On Sunday, November 19th, at 4:00 P.M. there will be Choral Vespers and Hymn Festival in thanksgiving for the 500th Anniversary of the Reformation, the 125th Anniversary of Our Saviour congregation, and the birthday of Martin Luther. The guest organist will be Mr. Matthew Gerhardt who holds degrees in Parish Music from Concordia University Wisconsin and in organ performance from the Indiana University Jacobs School of Music. He spent a year studying in Germany and among other things played the organ at Saint Thomas Church in Leipzig where Johann Sebastian Bach was organist and choirmaster for many years. The Choral Vespers will feature the hymns of Martin Luther and of Paul Gerhardt. Following Vespers there will be a reception in the undercroft. Plan now on attending and invite your friends and neighbors

On Wednesday, November 22nd, there will be Divine Service at 7:30 P.M. in observance of Thanksgiving Day. One of the countless examples of the growing secularism of today’s world is the way in which worship has been crowded out of our national day of Thanksgiving. There is of course nothing wrong with our festive dinners nor with football but when these become the main focus of Thanksgiving – to the exclusion of the Church’s sacrifice of praise and thanksgiving – there is something very wrong indeed with our sense of priorities. There was a time within living memory when our churches were filled on Thanksgiving Day – but that is now a long time ago.

Looking forward a bit, there will be a Christmas Bazaar here at Our Saviour on Saturday, December 2nd, 10:00 A.M. – 2:00 P.M. Information about this is provided in the flyer enclosed with this newsletter.

Family Day on Sunday, October 1st, was a happy occasion. We had a very good attendance at the Divine Service and the meal which followed was simply delicious and as always there was more than enough for everyone! We were happy to welcome Pastor Minetree of Immanuel Church who preached an uplifting sermon for us all.

At the October 15th Voters Meeting it was agreed that we as a congregation are ready to consider the possibility of adopting our Synod’s new service book and hymnal, the Lutheran Service Book. There is general agreement that this book preserves the best both of The Lutheran Hymnal published in 1941 (the “red book”) and of Lutheran Worship published in 1982 (the “blue book”). We in fact have six copies of the Lutheran Service Book which members may borrow in order to examine the book. Copies are available on the piano together with a form for signing your name when borrowing the book. We are hoping that many people will examine the book so that there can be an informed conversation about adopting it as our own. It is hoped that a decision will be made at the next Voters Meeting on the third Sunday in January. If you have questions I am very glad to answer them. You may call me at 410.554.9994 or email me at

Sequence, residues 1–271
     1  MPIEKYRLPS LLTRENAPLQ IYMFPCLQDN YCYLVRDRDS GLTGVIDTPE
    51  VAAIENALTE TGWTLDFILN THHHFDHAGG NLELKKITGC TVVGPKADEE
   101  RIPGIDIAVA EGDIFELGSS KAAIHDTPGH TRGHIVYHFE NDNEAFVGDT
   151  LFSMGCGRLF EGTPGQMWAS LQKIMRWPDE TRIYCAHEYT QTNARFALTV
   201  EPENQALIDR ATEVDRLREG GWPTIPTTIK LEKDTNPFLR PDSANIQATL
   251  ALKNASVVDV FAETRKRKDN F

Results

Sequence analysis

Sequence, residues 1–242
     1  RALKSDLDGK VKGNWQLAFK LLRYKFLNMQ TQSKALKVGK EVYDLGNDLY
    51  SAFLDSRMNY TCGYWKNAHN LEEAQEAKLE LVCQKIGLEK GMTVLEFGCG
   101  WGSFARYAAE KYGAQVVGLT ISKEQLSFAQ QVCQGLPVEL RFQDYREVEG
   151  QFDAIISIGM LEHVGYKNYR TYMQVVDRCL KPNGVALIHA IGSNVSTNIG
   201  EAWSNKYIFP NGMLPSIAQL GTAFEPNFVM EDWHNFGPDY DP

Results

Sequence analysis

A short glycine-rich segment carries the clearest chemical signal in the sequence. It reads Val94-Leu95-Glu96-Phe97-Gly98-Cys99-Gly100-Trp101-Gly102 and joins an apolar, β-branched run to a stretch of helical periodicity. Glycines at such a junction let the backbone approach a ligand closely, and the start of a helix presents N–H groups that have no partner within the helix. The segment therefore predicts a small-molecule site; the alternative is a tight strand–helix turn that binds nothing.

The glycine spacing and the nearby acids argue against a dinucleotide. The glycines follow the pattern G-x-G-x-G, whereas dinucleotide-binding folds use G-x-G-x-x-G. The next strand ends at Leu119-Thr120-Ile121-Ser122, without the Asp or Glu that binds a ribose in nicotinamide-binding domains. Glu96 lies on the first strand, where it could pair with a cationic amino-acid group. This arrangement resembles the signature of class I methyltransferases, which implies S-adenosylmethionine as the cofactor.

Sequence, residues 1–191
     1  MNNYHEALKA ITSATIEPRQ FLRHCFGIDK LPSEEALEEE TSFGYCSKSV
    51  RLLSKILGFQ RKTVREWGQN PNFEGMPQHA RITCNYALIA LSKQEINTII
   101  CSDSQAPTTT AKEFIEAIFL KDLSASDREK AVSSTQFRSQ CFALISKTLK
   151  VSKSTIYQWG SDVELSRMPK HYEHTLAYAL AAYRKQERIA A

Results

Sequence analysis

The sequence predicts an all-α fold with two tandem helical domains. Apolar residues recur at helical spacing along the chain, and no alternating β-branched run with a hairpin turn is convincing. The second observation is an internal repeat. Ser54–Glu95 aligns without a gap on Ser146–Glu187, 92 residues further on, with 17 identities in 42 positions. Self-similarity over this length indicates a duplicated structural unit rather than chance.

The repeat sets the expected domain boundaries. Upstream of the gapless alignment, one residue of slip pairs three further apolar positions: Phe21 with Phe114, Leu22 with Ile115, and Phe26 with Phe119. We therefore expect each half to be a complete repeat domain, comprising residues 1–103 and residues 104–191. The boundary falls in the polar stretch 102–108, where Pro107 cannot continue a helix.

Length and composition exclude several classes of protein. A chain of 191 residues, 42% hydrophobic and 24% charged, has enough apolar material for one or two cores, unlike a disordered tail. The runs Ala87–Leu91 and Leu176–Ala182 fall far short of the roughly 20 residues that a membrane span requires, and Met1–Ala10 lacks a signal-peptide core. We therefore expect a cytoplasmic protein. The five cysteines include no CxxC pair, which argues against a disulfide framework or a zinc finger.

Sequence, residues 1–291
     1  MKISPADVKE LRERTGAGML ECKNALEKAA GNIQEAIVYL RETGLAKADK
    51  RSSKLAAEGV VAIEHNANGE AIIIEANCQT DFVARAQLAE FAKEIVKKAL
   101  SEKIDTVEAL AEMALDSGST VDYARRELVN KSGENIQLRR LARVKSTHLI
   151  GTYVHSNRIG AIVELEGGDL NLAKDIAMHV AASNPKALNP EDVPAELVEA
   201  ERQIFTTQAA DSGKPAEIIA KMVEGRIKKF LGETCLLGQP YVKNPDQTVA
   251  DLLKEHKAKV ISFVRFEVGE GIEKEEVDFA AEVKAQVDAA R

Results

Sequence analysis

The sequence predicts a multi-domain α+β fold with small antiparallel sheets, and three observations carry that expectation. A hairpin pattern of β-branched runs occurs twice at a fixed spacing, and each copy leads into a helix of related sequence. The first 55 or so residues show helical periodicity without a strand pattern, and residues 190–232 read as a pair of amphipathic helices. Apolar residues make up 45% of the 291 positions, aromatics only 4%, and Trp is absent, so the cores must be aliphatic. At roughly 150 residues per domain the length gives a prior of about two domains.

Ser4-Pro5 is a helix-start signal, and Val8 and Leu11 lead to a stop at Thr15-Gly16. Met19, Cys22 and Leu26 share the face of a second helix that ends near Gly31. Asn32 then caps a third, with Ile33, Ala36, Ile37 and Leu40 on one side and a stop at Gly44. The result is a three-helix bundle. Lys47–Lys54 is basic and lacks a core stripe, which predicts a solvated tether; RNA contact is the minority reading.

Progress continues to be made on the placement of our church building on the Baltimore City historic buildings register. Quilla Downs, Mary Techau and I attended a hearing at City Hall on October 26th which resulted in a unanimous vote to do this. Our City Council member, Mary Pat Clark, informs us that there are just two more steps toward finalizing the decision. She says we may expect the result by Christmas.

As we celebrate the anniversary of the Reformation and the Festival of All Saints we rejoice in the blessed reality of the one holy Church which includes all the redeemed in heaven and in earth. It is the Church of the Redeemer, the Savior, the Good Shepherd, the Friend of Sinners. It flows from the miracle of God’s infinite love. Here are some memorable words of Arthur Henry Stanton (1839-1913):

“This is what we call the Miracle of Calvary…We teach the miracle of Christ that He was born of the Virgin Mary by the power of the Holy Ghost for us men and for our salvation. We teach the miracle that Christ died on Calvary for all men. For whom did Christ die? Christ died for sinners, and that is the miracle of Calvary. We teach the miracle of the Resurrection, that in Christ all shall rise again in His glorious Resurrection. We teach the miracle of the Ascension, that He who went up into Heaven shall so come again as we have seen Him go up. Our whole faith is miracle from the beginning to the end. It is all miracle. It is the miracle of God. And the greatest of all miracles to me is this: that I can say, ‘He loved me and died for me.’ You cannot get any greater miracle than that. And so death is swallowed up in victory, the sadness is swallowed up in the gladness of God, and the agony in the peace of God, and the misery in the happiness of God. The redemption of Christ is infinite.”

Let us continue to remember one another in prayer. God continues to bless us in so many ways. Is your life and is mine a grateful response to His goodness?

Affectionately in our Lord,

Pastor McClean